“Stop him, stop him!” It was one of the Secret Service and he grabbed at Nicholas. Still five feet away, Nicholas dove in the air like he was after a football, eyes focused only on the glasses. His arm swept across their bodies, slapping the glass right out of Callan’s hand. He caught the bottom edge of the president’s glass, but he’d already tipped his head back before Nicholas had begun his charge across the room; the champagne was in his mouth.

  “Don’t swallow!” he shouted, then crashed hard against the fireplace beside the president. Glass shattered, people started to scream. The president grabbed at his throat, fell to his knees. The Secret Service were on Nicholas, pinning him to the floor, and the soldiers flooded the room.

  No more than five seconds had passed.

  Nicholas struggled to get to his feet, pulling two Secret Service agents with him, a small cut on the forehead trickling blood into his left eye. He pointed, shouted to Mike, “It’s Damari, it’s Damari, he’s made up to look like Tony Scarlatti, he poisoned the champagne!”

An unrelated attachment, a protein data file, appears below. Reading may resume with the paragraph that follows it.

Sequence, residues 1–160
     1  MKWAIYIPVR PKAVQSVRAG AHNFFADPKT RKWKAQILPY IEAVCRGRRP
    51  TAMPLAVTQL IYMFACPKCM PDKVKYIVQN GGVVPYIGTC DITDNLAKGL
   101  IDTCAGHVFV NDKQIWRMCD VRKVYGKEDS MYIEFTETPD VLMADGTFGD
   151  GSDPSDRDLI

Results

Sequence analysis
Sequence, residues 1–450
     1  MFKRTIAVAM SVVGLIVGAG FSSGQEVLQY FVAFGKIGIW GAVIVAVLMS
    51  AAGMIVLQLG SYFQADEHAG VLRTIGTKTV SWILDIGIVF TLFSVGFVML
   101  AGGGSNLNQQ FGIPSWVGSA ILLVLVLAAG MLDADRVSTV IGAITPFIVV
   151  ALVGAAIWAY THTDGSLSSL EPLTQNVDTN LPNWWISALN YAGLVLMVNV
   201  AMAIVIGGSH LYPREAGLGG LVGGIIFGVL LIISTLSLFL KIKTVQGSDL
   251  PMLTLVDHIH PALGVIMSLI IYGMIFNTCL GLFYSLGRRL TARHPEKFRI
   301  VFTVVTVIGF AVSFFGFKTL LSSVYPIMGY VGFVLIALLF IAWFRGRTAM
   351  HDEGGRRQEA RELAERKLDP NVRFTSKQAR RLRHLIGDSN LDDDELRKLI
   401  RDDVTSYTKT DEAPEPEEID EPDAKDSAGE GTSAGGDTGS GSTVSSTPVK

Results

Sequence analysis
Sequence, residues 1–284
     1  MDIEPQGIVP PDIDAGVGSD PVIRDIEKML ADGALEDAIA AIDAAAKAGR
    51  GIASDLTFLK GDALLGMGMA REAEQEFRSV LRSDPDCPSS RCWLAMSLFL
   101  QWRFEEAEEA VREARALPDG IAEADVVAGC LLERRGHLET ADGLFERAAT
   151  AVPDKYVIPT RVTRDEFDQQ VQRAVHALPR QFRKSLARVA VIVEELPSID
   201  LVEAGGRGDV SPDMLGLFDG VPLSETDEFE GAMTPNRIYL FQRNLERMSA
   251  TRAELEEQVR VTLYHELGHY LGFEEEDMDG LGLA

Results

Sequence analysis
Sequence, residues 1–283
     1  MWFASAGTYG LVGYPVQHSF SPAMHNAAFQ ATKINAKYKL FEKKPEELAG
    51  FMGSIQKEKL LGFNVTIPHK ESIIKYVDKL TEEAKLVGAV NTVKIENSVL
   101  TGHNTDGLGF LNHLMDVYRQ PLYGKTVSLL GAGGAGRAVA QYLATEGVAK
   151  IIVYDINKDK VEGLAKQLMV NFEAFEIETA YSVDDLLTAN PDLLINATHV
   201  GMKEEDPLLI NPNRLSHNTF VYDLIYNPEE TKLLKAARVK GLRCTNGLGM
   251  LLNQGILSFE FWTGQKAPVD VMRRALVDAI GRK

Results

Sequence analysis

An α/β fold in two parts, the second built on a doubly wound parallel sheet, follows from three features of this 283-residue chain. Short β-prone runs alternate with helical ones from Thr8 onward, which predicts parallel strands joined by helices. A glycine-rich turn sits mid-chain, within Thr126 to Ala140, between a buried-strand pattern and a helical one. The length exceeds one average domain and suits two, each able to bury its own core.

There was a long moment, the space between a heartbeat, when Damari turned and made eye contact with Nicholas. His face looked so much like Tony it was eerie, but his hairpiece had been knocked askew.

  In that second, Mike understood, pulled her Glock out of her boot holster, and yelled, “Stop!”

  But Damari ignored her, moving fast toward the glass door to the back terrace. His hand was outstretched to grab the door handle when Mike pulled the trigger three times without hesitation, and he was slammed against the glass, his head cracking it, smearing it with his blood as he collapsed.



  The security team circled Mike in a heartbeat, and she stood there, not moving, seeing the lights, hearing shouts and screams coming from all corners of the room. And over the chaos, she heard the rotors of a helicopter drawing closer.

  Mike held out her ankle gun, butt first, her arm outstretched, then she tossed it to the floor and put her hands on the top of her head. She dropped to her knees, knowing if she didn’t the guards and agents would throw her down.